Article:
- Support for different architectures. Currently, PyREBox only supports Windows for x86 and x86-64 bit architectures, but its design allows to support other architectures such as ARM, MIPS, or PowerPC, and other operating systems as well.
Starting a PyREBox shell is as easy as typing the
sh command on QEMU’s monitor. It will immediately start an IPython shell. This shell records the command history as well as the defined variables. For instance, you can save a value and recover it later at a different point of the execution, when you start the shell again. PyREBox takes advantage of all the available features in IPython such as auto-completion, command history, multi-line editing, and automated command help generation.
PyREBox will allow you to debug the system (or a process) in a fairly stealthy way. Unlike traditional debuggers which stay in the system being debugged (even modifying the memory of the debugged process to insert breakpoints), PyREBox stays completely outside the inspected system, and it does not require the installation of any driver or component into the guest.
PyREBox offers a complete set of commands to inspect and modify the state of the running VM. Just type
list_commands to obtain a complete list. You can run any volatility plugin just by typing
vol and the corresponding volatility command. For a complete list of available volatility plugins, you can type
list_vol_commands. This list is generated automatically, so it will also show any volatility plugin you install on PyREBox’s
You can also define your own commands! It is as simple as declaring a function in a script, and loading it.
If you need something more expressive than a command, you can write a Python snippet leveraging the API. For a detailed description of the API, see Documentation or type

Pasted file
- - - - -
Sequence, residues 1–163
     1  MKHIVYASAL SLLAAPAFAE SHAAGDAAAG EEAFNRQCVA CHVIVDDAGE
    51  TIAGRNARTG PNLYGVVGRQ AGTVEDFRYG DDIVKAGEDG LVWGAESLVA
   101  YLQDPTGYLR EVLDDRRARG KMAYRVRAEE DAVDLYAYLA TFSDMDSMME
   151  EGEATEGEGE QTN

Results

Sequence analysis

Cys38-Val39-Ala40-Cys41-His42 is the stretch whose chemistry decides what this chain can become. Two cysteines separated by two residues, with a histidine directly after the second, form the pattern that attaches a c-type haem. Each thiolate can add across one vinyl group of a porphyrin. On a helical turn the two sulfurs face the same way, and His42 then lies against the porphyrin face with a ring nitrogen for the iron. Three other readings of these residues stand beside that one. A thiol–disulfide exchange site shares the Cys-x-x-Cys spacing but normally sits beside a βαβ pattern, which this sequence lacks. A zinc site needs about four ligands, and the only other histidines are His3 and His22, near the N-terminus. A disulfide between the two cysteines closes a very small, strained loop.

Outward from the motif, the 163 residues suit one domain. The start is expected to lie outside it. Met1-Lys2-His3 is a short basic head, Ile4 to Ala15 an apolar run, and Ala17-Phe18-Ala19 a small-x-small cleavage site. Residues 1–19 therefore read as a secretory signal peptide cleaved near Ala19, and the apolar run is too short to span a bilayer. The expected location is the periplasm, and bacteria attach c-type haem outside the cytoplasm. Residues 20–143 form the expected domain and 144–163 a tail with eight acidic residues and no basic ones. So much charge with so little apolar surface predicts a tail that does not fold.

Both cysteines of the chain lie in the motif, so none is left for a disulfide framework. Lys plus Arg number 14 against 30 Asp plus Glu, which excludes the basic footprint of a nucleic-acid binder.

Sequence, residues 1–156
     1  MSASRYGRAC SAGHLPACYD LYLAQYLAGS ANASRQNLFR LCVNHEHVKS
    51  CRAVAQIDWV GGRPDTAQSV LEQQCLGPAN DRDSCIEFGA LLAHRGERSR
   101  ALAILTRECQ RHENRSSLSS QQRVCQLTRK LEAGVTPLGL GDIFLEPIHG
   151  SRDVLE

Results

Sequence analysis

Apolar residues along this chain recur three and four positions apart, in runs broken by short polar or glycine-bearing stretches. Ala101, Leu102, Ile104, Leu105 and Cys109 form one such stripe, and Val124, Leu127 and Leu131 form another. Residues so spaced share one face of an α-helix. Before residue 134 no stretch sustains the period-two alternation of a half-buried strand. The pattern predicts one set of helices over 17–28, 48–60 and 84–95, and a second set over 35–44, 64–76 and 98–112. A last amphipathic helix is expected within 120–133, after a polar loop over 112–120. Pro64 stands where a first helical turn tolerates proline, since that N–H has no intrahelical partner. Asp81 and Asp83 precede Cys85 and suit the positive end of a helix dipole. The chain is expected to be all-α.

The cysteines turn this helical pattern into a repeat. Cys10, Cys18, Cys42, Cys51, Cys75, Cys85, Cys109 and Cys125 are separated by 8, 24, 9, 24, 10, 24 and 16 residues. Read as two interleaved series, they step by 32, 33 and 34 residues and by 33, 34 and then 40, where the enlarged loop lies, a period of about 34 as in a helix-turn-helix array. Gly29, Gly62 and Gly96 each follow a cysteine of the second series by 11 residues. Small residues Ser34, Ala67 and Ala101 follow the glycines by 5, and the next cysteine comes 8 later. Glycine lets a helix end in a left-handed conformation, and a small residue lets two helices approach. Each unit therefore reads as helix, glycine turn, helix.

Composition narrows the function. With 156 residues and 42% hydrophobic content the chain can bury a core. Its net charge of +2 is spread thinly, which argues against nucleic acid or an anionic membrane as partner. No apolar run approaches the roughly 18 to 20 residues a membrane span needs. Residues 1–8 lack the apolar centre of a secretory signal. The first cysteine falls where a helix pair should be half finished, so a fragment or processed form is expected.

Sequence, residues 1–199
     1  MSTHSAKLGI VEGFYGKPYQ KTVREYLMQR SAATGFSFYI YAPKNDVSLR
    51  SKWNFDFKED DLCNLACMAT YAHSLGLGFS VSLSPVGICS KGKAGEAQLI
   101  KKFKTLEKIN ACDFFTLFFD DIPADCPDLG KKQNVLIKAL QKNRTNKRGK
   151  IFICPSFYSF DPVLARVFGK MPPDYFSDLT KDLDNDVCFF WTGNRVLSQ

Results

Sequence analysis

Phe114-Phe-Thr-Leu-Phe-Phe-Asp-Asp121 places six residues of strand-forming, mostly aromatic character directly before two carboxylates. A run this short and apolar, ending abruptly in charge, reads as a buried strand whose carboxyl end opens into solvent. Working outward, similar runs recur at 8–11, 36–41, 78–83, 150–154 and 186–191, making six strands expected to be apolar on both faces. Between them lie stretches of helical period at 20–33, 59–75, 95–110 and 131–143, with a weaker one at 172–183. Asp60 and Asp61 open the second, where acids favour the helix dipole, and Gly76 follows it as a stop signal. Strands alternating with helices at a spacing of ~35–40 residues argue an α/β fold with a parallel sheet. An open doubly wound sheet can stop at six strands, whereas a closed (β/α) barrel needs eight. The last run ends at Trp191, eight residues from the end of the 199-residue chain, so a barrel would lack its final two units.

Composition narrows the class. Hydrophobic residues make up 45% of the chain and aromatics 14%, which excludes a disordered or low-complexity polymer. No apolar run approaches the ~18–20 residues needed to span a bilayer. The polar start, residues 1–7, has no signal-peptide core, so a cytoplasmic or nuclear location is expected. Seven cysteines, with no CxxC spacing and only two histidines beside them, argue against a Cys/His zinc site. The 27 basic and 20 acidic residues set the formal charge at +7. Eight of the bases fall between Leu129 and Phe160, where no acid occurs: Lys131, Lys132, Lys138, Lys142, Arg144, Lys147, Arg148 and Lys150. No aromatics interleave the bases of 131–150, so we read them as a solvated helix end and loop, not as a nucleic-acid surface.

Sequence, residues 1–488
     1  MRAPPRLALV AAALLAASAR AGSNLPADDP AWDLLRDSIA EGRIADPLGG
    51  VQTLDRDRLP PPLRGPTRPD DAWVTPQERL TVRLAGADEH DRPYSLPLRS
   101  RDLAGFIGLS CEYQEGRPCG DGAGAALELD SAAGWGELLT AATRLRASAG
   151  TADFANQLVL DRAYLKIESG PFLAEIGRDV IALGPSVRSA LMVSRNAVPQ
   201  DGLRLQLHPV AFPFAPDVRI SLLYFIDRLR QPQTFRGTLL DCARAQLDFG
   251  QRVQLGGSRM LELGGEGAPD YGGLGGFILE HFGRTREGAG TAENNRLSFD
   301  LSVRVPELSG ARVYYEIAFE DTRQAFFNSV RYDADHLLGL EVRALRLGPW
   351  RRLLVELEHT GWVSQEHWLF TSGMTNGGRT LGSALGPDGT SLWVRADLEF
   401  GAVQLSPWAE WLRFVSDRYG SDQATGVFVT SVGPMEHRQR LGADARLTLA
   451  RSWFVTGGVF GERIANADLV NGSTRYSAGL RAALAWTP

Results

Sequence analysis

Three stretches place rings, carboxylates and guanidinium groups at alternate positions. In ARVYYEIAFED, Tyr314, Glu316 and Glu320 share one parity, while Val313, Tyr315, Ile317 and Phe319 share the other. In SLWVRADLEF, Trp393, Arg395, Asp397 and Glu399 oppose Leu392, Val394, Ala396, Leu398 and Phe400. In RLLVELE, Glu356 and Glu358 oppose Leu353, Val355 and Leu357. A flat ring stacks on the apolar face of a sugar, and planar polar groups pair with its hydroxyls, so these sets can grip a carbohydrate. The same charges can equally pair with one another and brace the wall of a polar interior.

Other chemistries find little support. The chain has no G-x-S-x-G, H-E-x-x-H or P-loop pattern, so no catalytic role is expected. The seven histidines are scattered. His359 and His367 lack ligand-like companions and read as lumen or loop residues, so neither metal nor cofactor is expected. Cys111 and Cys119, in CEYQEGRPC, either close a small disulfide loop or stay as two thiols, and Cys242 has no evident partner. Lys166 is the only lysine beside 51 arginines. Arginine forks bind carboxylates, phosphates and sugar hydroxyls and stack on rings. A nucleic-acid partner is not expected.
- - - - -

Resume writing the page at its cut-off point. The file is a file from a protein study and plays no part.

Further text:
help(api) in the shell.
PyREBox allows to dynamically load scripts that can register callback functions that are called when certain events occur, like instructions executed, memory read/written, processes created/destroyed, and so on.
Given that PyREBox is integrated with Volatility, it will let you take advantage of all the volatility plugins for memory forensics in your python scripts. Many of the most famous reverse engineering tools are implemented in Python or at least have Python bindings. Our approach allows to integrate any of these tools into a script.
Finally, given that python callbacks can introduce a performance penalty on frequent events such as instructions executed, it is also possible to create triggers. Triggers are native-code plug-in’s (developed in C/C++) that can be inserted dynamically at run-time on any event just before the Python callback is executed. This allows to limit the number of events that hit the python code, as well as to precompute values in native code.
In this repository you will find example scripts that can help you to write your owncode . Contributions are welcome!
PyREBox is inspired by several academic projects, such as DECAF, or PANDA. In fact, many of the callbacks supported by PyREBox are equivalent to those found in DECAF, and the concepts behind the instrumentation are based on these works.
PyREBox benefits from third-party code, which can be found under the directory pyrebox/third_party. For each third-party project, we include an indication of its original license, the original source code files taken from the project, as well as the modified versions of the source code files (if applicable), used by PyREBox.